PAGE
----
With many of you currently heading off to the green countryside, I dedicate this photo to you, and hope you enjoy your holidays. As for me, I’m surrounded by greenery all year round in the tea fields, and I’ll continue to bring you news throughout the summer. The tea plants won’t stop growing while you’re at the seaside! And don’t forget to prepare a jug of your favourite iced tea to take with you and keep you cool on the beach!
Spending your life in the tea fields does not prevent you from wandering around the tea plantations and raising your eyes to admire the nature around you. Here in Nepal, wild orchids grow right on the tree bark. Alongside them live many other delicately coloured flowers and mosses.
This year, during the Long Jing harvest, the team from Le Palais des Thés lent a hand – in the wok. Here, Carine Baudry, head of the Tea School, is listening carefully to the advice being given by Professor Liang. Yuerong Liang is director of the Tea Research Centre at the Agricultural University of Hangzhou. He explains the great skill involved in processing Long Jing: it requires an extremely precise hand movement, and you must be very careful not to burn yourself.
When you have taken part in the making of a tea, you appreciate it even more when it comes to tasting it.
Taiping Hou Kui is known as a precious tea among the Chinese, but very few have had the opportunity of tasting it even once in their life.
Here, we are in Hou Kui, in the famous “Village of the Monkeys”, the birthplace of this tea and its most well-known production site. In the main factory of the village, employees work beneath the gaze of the Russian president, who is very fond of this fine Chinese tea and received some as a gift from Hu Jintao. The tea given by the Chinese president to his Russian counterpart was made in this very factory, so you can imagine the pride of all the workers.
If, like Vladimir Putin, you like Taiping Hou Kui, then this is the time to make the most of it. The 2012 plucking is now available.
Long Jing is processed in a large wok. The work requires plenty of dexterity as the tea must be kept moving at all times. The leaves are withered, rolled and dried in a continuous process and in the same recipient, simply by varying the hand movement.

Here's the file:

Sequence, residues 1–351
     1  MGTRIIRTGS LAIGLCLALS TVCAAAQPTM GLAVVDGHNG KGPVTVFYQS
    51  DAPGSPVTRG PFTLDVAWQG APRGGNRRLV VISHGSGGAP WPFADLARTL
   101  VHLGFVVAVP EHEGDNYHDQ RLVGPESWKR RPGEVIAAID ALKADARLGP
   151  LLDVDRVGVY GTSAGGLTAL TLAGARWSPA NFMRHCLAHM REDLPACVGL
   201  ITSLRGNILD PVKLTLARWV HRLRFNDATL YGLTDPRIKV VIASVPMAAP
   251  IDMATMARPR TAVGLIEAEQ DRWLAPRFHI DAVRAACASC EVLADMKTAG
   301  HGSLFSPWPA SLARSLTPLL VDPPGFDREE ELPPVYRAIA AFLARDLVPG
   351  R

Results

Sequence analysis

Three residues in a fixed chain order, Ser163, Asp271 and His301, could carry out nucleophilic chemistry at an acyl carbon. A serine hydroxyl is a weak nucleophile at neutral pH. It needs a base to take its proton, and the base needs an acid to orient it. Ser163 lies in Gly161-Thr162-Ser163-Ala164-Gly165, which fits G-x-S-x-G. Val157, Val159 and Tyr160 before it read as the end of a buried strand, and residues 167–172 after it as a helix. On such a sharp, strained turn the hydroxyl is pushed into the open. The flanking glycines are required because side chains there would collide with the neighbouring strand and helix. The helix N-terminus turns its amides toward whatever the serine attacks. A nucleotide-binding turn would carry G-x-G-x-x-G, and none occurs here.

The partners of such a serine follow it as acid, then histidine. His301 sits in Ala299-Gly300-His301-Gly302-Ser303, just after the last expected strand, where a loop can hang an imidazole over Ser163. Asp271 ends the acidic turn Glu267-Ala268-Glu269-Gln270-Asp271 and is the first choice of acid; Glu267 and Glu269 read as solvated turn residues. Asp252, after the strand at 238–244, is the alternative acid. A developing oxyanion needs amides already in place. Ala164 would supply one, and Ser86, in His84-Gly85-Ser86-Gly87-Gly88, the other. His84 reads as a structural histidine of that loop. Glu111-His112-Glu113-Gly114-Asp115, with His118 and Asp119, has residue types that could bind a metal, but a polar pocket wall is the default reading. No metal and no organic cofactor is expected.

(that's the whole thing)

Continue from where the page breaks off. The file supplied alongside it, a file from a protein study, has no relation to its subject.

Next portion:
In the cup you will find a note of roast chestnut, which comes from this toasting of the leaves.
If you’re looking for an unusual place to take your wedding photos, and like something a little different, why not try the Long Jing tea plantations (China). While his assistant reflects sunlight onto your radiant faces, the photographer will know just how to immortalise the special moment. Also, the same photographer will generally have some useful accessories to help your pictures stand out from others, instantly giving the happy couple a little more extra style.
For the first time, a few weeks ago, I bought a lot of a spring tea from the Kanchenjunga Tea Estate. This Nepalese plantation, situated in the middle of nowhere – two day’s travel across the Terai Plain – is one of the most promising in the country.
While there, you can admire the incredible steepness of the slopes as you realise how difficult it must be to harvest the leaves on such a gradient. As for this narrow path which snakes around the side of the mountain, and along which I have seen villagers walking, laden down like mules, it is the only route for the inhabitants of other hamlets located a few days’ walk from here.
In Chinese tea factories, at mealtimes, everyone puts aside their work, arranges the tables and prepares for the festivities. Eating is one of the favourite pastimes of the Chinese. It is often a moment of conviviality and relaxation, a simple occasion shared by all. It ends with a tea, and sometimes a nap.
Many of you will be preparing for the holidays, so here is a view of the West Lake, a Chinese tourist hot-spot. Situated in the middle of the city of Hangzhou, this lake is a dream destination for our friends in China.
Happily, it is possible to enjoy this view while tasting a remarkable, freshly-harvested green tea, as Long Jing is located just a few kilometres away. This proximity to the birthplace of the most famous Chinese tea has its part to play in Hangzhou’s excellent reputation.